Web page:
Friday, March 31st is the commemoration of John Donne, Priest and Poet, died 1631. Donne is a famous English poet (perhaps, “No man is an island” sounds familiar?) but we acknowledge him as much more. He was born into a Roman Catholic family and had quite the wayward phase of wild living and religious doubting before converting to Anglicanism. Though he originally entered the priesthood simply as a means to earn a steady income, Donne became Dean of St. Paul’s Cathedral and eventually wholeheartedly embraced “the crucified Christ who had embraced him.” He turned his brilliant mind and passionate poetry to the service of Christ and became a powerful preacher attracting great numbers to the cathedral. To read more see p.130: https://c2892002f453b41e8581-48246336d122ce2b0bccb7a98e224e96.ssl.cf2.rackcdn.com/ForAlltheSaints.pdf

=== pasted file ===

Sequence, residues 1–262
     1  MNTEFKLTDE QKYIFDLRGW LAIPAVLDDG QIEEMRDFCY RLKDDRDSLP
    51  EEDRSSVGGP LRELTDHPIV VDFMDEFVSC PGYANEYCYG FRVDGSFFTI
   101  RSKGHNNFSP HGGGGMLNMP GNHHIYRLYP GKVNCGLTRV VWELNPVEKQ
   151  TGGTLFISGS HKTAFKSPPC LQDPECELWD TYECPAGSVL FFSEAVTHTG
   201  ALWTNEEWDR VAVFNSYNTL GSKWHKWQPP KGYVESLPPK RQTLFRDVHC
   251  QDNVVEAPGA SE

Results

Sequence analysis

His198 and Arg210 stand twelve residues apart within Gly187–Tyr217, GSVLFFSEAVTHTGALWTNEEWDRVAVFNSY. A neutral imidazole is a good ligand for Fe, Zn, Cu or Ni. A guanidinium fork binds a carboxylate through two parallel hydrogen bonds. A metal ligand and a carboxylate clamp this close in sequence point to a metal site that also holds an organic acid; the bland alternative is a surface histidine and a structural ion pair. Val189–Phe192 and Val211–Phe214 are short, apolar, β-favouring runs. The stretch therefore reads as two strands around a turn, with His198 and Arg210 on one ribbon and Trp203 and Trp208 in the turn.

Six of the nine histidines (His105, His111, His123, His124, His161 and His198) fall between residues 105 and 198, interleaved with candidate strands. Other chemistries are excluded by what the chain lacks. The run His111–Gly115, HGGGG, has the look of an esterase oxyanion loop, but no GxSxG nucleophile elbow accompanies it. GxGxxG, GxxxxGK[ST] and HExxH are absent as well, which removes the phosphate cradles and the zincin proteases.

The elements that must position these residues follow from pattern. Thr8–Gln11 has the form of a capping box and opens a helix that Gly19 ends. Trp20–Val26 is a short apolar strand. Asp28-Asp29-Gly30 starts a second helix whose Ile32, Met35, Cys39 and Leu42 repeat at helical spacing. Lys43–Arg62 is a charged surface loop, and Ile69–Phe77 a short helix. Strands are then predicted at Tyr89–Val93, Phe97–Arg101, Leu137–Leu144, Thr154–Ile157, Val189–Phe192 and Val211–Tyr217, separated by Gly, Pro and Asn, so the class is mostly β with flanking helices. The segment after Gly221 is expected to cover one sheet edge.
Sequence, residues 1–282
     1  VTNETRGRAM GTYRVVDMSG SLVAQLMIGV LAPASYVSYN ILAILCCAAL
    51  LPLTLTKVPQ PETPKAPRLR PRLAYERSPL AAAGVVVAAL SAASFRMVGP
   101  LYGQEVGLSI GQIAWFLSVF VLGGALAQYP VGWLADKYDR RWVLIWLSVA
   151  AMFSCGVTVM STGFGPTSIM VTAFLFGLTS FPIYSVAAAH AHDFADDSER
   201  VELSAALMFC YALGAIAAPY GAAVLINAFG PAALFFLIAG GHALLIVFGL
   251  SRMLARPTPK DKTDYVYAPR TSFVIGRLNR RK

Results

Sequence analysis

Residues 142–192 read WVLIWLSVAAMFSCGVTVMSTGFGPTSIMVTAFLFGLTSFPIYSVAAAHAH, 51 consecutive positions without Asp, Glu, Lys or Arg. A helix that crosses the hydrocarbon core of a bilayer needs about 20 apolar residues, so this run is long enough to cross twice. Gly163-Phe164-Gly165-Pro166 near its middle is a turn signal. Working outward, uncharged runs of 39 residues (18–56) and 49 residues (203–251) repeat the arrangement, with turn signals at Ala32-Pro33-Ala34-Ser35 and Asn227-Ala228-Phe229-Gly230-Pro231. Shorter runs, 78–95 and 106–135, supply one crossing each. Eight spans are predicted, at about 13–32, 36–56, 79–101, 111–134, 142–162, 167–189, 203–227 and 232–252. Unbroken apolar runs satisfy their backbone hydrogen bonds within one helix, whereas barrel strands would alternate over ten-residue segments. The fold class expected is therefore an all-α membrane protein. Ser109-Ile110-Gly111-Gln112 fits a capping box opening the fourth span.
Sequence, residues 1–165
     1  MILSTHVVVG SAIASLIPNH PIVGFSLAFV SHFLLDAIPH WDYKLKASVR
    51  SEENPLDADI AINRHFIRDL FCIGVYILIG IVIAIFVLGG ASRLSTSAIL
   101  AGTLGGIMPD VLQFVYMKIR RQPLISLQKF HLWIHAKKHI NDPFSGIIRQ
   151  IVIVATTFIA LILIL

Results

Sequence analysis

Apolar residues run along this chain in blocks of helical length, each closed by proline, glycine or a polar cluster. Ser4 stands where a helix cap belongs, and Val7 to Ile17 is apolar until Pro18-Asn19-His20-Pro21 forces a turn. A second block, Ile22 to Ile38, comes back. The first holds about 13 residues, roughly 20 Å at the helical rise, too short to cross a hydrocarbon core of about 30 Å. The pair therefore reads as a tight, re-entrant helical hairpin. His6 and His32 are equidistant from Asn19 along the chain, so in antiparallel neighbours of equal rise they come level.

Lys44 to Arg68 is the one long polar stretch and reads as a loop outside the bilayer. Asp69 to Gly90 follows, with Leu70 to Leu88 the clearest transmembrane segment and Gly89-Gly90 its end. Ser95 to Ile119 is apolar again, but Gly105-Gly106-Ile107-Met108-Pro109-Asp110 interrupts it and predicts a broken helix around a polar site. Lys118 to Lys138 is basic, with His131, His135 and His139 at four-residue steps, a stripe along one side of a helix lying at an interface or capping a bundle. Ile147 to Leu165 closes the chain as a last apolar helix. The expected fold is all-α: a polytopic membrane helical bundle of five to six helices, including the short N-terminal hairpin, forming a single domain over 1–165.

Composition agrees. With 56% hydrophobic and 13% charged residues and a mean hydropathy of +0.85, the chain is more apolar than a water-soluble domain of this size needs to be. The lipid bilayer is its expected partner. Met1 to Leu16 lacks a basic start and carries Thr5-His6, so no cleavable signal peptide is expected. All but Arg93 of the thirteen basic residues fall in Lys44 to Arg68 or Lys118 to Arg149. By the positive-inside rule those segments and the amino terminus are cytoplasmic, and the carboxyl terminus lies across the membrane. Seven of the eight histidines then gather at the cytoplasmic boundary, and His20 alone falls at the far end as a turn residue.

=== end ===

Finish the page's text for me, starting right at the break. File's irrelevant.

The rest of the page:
Saturday, April 1st is the commemoration of Frederick Denison Maurice, Priest, died 1872. Frederick began life as the son of a Unitarian clergyman, studied law but refused to accept the degree when it meant declaring himself to be an Anglican. He did, obviously, later convert to Anglicanism and was ordained. He gained some professorships (which he later lost because he was considered by some to be unorthodox in his writings – saying he didn’t believe in “the eternity of hell” for example – which, by the way, should not have earned him the label of unorthodox). Why do we celebrate him? Lots of reasons, actually. Frederick believed strongly in the unity of the body of Christ – transcending the factions and partialities of humankind. He believed the liturgy to be beautiful and powerful (the meeting place of time and eternity, and the fountain of energies for the Church’s mission) but not something to be admired as an object…it is to be embraced in our lives and lived. He is perhaps most well known for being one of the founders of the Christian Socialist movement and for his creation of the Working Men’s College. To read more: https://www.britannica.com/biography/Frederick-Denison-Maurice
In the hope of Christ,